Sandy • It may not have been a normal, eight-month National Women’s Soccer League season. And it may have been under the most unprecedented physical, mental and emotional circumstances. But the Houston Dash will take it.
The Dash made franchise history Sunday by winning the National Women’s Soccer League Challenge Cup championship. It’s Houston’s first trophy since coming into the league in 2014.
The Dash beat the Chicago Red Stars 2-0 at Rio Tinto Stadium to win the title of a monthlong tournament that signaled the return of team sports in the United States during the COVID-19 pandemic.
“From Day 1, we had a goal to win this thing,” Dash midfielder Shea Groom said as she wore her championship T-shirt and periodically drank from her celebratory can of beer.
And win it they did. Houston doesn’t boast much star power in likes of the U.S. Women’s National Team players scattered throughout the league. But the Dash prevailed with a culture change and team-first mentality.
As the Challenge Cup reached the knockout stages, no one had the Dash making the final — except for them. The North Carolina Courage had won four consecutive games after winning the 2019 NWSL championship and were expected to breeze through another set of games en route to hoisting another trophy.
But the Courage were eliminated in the quarterfinals, and Houston prevailed over the Utah Royals FC — hosts of the tournament — in penalties. From there, the Dash started turning some heads.
Internally, however, nothing had changed for Houston.
“It wasn’t luck, it wasn’t fluke,” striker Rachel Daly said. “We comfortably won that game. We’ve comfortably won a lot of games.”
The Dash did it Sunday with the help of an early goal and a strong defensive performance throughout. Dash midfielder Sophie Schmidt converted after Kristie Mewis drew a foul in the 18-yard box in the fourth minute of play.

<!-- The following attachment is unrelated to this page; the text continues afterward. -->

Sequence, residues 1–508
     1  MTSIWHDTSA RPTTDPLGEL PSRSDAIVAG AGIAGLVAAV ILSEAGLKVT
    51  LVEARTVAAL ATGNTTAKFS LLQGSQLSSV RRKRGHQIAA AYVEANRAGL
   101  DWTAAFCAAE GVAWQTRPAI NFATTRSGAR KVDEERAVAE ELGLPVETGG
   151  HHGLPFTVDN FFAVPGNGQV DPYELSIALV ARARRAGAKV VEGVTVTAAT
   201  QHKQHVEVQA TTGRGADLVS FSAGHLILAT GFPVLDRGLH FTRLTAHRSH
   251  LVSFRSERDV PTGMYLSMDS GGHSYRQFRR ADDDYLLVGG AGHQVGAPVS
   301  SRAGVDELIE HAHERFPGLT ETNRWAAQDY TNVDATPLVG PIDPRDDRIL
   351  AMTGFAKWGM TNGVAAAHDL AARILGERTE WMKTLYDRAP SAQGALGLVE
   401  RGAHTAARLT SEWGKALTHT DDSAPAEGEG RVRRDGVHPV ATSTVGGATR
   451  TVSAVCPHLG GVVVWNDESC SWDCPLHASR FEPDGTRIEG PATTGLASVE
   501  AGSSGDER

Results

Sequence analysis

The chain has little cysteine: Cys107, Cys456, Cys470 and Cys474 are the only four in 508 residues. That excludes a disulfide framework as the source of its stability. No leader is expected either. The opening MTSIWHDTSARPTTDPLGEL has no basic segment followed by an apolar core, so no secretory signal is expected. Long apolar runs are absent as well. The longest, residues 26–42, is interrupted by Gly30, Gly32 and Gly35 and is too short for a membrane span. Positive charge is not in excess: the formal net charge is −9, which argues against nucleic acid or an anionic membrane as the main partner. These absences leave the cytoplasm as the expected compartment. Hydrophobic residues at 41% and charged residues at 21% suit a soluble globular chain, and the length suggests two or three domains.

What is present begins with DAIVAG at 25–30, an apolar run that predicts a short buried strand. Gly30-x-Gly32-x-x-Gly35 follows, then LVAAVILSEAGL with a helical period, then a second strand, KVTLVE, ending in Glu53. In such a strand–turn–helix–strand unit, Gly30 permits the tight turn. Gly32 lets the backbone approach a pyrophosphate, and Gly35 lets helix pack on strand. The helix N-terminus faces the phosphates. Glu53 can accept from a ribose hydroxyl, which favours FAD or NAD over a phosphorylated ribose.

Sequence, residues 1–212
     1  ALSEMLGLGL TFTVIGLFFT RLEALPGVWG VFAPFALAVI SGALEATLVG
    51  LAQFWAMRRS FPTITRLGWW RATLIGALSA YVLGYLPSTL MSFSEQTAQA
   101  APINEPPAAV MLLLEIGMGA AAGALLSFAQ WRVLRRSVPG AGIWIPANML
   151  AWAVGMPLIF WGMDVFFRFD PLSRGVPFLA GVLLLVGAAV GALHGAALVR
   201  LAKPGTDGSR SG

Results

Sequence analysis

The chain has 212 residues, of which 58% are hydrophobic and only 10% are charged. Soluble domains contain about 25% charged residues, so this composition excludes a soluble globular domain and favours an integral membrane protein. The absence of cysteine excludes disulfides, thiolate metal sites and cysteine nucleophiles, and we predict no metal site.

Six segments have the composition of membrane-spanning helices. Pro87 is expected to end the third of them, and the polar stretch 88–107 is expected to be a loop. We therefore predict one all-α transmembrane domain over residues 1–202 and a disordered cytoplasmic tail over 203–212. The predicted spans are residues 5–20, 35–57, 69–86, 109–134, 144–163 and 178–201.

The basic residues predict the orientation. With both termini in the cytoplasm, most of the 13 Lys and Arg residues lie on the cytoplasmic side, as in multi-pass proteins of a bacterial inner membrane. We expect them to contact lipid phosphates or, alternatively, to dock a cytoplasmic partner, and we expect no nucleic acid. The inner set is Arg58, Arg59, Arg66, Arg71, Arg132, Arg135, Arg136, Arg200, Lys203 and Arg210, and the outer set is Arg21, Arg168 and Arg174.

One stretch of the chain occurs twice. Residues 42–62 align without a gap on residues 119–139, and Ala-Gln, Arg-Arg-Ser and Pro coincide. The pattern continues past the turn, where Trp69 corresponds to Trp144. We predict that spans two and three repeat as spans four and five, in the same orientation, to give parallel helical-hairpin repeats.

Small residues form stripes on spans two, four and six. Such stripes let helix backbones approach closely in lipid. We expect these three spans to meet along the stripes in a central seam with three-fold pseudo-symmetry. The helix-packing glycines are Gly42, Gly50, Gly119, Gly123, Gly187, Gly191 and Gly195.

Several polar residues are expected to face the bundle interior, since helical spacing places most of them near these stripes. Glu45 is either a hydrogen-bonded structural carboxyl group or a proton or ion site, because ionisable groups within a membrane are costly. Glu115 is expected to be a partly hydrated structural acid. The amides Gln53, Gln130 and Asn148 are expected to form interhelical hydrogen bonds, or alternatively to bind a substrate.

For the next 85 minutes of play, Houston defended expertly stifled any attempt the Red Stars had at an equalizing goal.
And just when stoppage time started, Groom put the game away for good after beating Red Stars keeper Alyssa Naeher, who was well outside the 18-yard box, and calmly finishing an insurance goal.
“I was just excited that we could come in here and show that Houston Dash is an incredible organization and not a joke and not a team that you can just roll over,” Groom said.
Daly said the team wanted to get a goal early, sometime within the first five or 10 minutes. While the way Houston got it may have been unexpected — it was the first PK award in regulation during the entire tournament — scoring soon was part of the game plan.
But Daly did acknowledge that it took some of the edge off for the Dash.
“It helped us settle all of our nerves,” Daly said.
The Dash didn’t concede a goal during regulation in any of the three knockout games. Dash coach James Clarkson said that type of defensive performance was a testament to his players following the game plan every time out.
Throughout the tournament, Clarkson never shied away from the nobody-believes-in-us mentality of Houston. And as he sat at the podium while drenched in beer from the locker room celebration and fielded questions from reporters, he quipped about it one final time.
“I just hope all of those people that I told before the tournament that we’re 200-to-1 and stick $100 on us took me up on my advice,” Clarkson said. “If they did, congratulations and spend your money wisely.”